Part of ego’s expectation, in many cases the most crucial part, consists in the probable reaction of alter to ego’s possible action, a reaction which comes to be anticipated in advance and thus to affect ego’s own choices. On both levels, however, various elements of the situation come to have special “meanings” for ego as “signs” or “symbols” which become relevant to the organization of his expectation system. Especially where there is social interaction, signs and symbols acquire common meanings and serve as media of communication between actors. When symbolic systems which can mediate communication have emerged we may speak of the beginnings of a “culture” which becomes part of the action systems of the relevant actors. It is only with systems of interaction which have become differentiated to a cultural level that we are here concerned. Though the term social system may be used in a more elementary sense, for present purposes this possibility can be ignored and attention confined to systems of interaction of a plurality of individual actors oriented to a situation and where the system includes a commonly understood system of cultural symbols.”
Thus while talking of a system, we need to be inevitably conscious of the relational mechanism and the preference systems. In the present context of the Alternative Farming System, there needs to base the framing of programmes on (a)the existing network structure, both internal and external; and (b)prevailing preference structure.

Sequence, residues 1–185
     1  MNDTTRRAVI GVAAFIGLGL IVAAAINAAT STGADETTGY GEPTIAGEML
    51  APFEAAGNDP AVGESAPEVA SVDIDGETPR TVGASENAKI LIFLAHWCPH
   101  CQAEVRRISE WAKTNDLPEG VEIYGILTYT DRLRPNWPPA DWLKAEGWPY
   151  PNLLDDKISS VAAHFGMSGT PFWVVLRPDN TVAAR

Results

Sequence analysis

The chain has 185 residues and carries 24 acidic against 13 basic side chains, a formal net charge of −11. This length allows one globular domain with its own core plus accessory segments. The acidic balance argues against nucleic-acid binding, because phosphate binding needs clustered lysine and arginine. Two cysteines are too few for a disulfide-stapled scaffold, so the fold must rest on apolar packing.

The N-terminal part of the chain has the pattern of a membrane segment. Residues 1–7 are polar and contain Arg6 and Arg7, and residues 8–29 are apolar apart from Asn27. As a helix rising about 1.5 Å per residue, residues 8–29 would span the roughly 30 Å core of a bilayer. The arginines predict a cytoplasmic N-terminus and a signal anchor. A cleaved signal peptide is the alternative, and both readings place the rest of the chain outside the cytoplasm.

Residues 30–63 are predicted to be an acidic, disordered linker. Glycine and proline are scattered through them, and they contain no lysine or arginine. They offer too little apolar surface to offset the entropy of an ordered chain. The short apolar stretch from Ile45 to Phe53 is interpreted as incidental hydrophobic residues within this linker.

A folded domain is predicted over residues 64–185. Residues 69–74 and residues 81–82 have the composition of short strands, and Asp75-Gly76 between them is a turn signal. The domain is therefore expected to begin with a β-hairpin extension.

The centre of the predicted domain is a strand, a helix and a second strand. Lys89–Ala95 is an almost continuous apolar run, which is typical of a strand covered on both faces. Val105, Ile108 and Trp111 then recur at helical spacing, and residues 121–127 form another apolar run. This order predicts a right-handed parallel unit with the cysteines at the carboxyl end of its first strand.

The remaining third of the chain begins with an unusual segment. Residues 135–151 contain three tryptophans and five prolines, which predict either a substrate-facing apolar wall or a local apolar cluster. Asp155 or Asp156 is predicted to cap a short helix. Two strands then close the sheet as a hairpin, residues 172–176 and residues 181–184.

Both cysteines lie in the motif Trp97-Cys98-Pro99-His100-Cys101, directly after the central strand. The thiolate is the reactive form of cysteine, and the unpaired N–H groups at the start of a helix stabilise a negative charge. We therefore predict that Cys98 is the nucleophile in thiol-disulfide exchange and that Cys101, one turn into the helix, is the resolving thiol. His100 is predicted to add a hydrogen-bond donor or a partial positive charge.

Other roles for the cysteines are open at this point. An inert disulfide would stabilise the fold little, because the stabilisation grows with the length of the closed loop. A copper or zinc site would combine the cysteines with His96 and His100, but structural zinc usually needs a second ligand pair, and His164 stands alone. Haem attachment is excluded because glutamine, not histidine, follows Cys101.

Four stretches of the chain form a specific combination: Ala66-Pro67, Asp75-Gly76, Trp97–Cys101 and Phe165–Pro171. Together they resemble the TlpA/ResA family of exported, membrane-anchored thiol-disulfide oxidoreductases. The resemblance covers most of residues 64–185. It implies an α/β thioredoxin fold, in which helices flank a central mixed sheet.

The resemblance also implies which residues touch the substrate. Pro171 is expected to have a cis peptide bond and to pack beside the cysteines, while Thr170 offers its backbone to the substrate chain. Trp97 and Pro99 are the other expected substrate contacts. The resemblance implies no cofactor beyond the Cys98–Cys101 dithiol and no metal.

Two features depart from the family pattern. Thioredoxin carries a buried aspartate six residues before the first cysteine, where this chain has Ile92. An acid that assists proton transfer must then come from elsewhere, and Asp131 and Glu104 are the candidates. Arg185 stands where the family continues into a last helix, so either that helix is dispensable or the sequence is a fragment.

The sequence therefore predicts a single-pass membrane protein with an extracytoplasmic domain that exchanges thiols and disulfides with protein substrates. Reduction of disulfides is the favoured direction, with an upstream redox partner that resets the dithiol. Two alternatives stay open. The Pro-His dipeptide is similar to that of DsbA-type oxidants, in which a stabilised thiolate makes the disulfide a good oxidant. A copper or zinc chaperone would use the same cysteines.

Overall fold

The biggest challenge to the new attempt would be the spatial reality that the concerned population have evolved over the years a system for their livelihood and enhancement of life, and this has naturally created a kind of path dependence to sustain their livelihood. Another big challenge would be to make the population accept a new allegiance of a market network, which would be different from what they have been used to so far.
The disturbing scenariois that Manipur cannot afford to fail in the latest endeavour. While the announcement, as it is today, does not possess the ingredients of a Systems Approach, the onus is now on the government to put in place in right earnest the necessary ingredients. First, it is needed that the new farming would have all the inputs, including water, available to the farmers. Second, there has to be a mechanism of insurance such that, in the case of crop failure, the farmers would not require to fall back on their earlier system. Third, the new relationship with the market should be structurally present.
Above all, the local population are to be made sure of the commitment of the government to a superior well-being. This calls for a multi-sectoral approach. Two interventions are of a priority here. First, global experience tells us that the people in such spatial areas generally experience a wide and deep incidence of malnutrition. The government should immediately, along with the ensuring of availability of inputs, conduct a survey of the nutritional status of the population. Second, an educational initiative to create a foundation for science talent among children should be put in place.
Hoping that the government would implement a policy this time instead of the usual indulgence in propaganda.